There are no reefs to dive around Hiva Oa, but Humu loves the open ocean, where manta rays and humpback whales gather to feed on plankton. Slowly descending along a sloping seabed, I soon find myself below a roof of flapping sails — mantas the size of small boats drift gracefully in the underwater breeze.

Sadly, laments Humu when we’re back at the surface, many Marquesan children are frightened of “marine monsters”. Increasingly detached from their surroundings, they’re afraid of even simple things like swimming in the sea or sleeping in the dark. “But the night has always been our friend,” he adds, referring to historic fishing trips that would always take place after sunset. “In our language, the word for ‘live’ breaks downs to mean ‘the night’ and ‘move’ — so we are, and have always been, the people who move at night.”

Blaming religion for instilling fear into people, Humu looks upwards. “The church wants people to believe in a god who’s in the sky above; I believe the power is with our ancestors, with people. But if they’re not confident in themselves with nature; they won’t believe in what they have.”

Teahupo’o, a lakefront village set against the mountainous interior of Tahiti Iti.

Photograph by Getty Images

As an introduction to Marquesan culture, Humu and his wife, Raita, invite me on a boat trip to neighbouring Tahuata island, where we visit a group of artisans from the Mahakatau Heipani co-operative, selling nasal flutes, horns and rosewood paddles. It’s 17 September, a special day commemorating the return of artefacts stolen by French archaeologists, and several men have laid garlands around a monument recalling the event.

“I have goosebumps,” shudders Raita, flooded with emotion as she reflects on the significance of such a homecoming. An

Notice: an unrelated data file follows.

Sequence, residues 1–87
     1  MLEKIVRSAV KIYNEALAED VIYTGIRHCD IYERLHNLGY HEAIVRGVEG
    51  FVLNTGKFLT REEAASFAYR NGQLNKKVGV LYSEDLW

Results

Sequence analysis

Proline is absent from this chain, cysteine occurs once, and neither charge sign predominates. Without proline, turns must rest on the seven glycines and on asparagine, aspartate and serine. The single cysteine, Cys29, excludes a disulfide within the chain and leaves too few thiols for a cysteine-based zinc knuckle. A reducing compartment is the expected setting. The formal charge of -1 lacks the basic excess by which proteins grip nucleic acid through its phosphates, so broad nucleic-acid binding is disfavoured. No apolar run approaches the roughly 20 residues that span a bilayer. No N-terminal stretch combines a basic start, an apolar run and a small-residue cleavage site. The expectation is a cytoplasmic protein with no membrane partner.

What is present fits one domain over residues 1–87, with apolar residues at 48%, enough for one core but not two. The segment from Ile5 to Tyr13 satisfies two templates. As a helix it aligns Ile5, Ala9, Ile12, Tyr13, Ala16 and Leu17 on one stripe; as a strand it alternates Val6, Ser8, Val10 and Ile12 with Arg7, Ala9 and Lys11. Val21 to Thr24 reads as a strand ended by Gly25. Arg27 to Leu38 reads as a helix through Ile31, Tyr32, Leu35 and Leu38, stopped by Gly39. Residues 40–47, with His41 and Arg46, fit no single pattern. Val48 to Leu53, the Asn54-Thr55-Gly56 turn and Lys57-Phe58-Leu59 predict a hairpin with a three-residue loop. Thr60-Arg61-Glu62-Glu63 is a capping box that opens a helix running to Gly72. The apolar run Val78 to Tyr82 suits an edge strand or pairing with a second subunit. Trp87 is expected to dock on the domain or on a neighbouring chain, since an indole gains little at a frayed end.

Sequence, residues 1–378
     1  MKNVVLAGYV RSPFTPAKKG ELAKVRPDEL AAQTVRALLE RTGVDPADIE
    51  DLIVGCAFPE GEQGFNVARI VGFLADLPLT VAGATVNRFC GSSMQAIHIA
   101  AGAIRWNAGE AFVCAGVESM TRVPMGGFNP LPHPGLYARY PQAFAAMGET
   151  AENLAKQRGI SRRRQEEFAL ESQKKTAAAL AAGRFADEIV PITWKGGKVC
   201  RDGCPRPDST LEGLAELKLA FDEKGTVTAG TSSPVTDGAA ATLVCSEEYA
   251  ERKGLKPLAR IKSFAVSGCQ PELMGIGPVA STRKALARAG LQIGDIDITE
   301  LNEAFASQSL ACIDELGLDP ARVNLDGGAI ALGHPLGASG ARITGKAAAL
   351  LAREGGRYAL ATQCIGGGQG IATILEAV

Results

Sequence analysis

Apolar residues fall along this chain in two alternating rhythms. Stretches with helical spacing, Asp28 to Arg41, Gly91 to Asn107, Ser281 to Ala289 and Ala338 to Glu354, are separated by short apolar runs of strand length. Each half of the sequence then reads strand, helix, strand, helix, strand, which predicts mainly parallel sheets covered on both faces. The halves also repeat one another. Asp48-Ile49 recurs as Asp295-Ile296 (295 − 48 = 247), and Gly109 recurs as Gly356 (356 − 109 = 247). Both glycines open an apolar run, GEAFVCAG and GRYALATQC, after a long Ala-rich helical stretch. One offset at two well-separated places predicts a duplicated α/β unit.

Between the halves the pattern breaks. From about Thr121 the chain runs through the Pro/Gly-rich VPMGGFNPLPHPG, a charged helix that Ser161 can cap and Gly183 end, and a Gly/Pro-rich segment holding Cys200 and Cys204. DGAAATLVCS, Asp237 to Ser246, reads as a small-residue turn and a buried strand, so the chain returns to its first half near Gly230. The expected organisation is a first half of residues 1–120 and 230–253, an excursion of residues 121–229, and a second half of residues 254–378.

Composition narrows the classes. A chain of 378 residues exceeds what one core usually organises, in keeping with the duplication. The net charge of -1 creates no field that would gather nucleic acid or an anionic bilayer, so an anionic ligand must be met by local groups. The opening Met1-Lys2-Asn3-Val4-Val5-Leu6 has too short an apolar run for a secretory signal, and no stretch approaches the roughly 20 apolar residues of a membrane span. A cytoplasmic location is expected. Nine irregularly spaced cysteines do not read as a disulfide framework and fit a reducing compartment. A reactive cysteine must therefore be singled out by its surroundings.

English teacher, who tells me she’ll one day make the bold move to tattoo her face, she’s shunned Western religion in favour of resurrecting her spiritual roots — even though, she admits, her family has been ostracised by the conservative Christian community. “Tiki 
is coming, I tell you. If they erase our language or take our sculptures, he’ll come through music, through song. He’ll find another way,” she says. 

Represented by many statues scattered in forests across the Marquesas Islands, Tiki is a stocky figure with wide, gawping eyes and arms resting on his belly. Neither a spirit nor a deity, he’s a manifestation of earthly ancestors, a vector for their power passed down through generations; a connection between past and present and a link between today and tomorrow. Although dozens of Tiki remain hidden in caves, mountain niches and below canopies of Caribbean pine, there are several key sites where the faithful can revere the spirit on Hiva Oa.
A tour guide, tattoo artist and dancer, Felicienne’s son, Tepoeaotiu, from my guesthouse, offers to take me to see some of these sights. One of the many young people who look up to local heroes Humu and Patu, he wears a string of pigs’ teeth dangling around his neck and walks barefoot over rocks and gravel to connect with the land.

Each Tiki we see has its own expression and style: grand, reclining, crowned or smiling. One even has its head severed; an attempt by missionaries to exert control.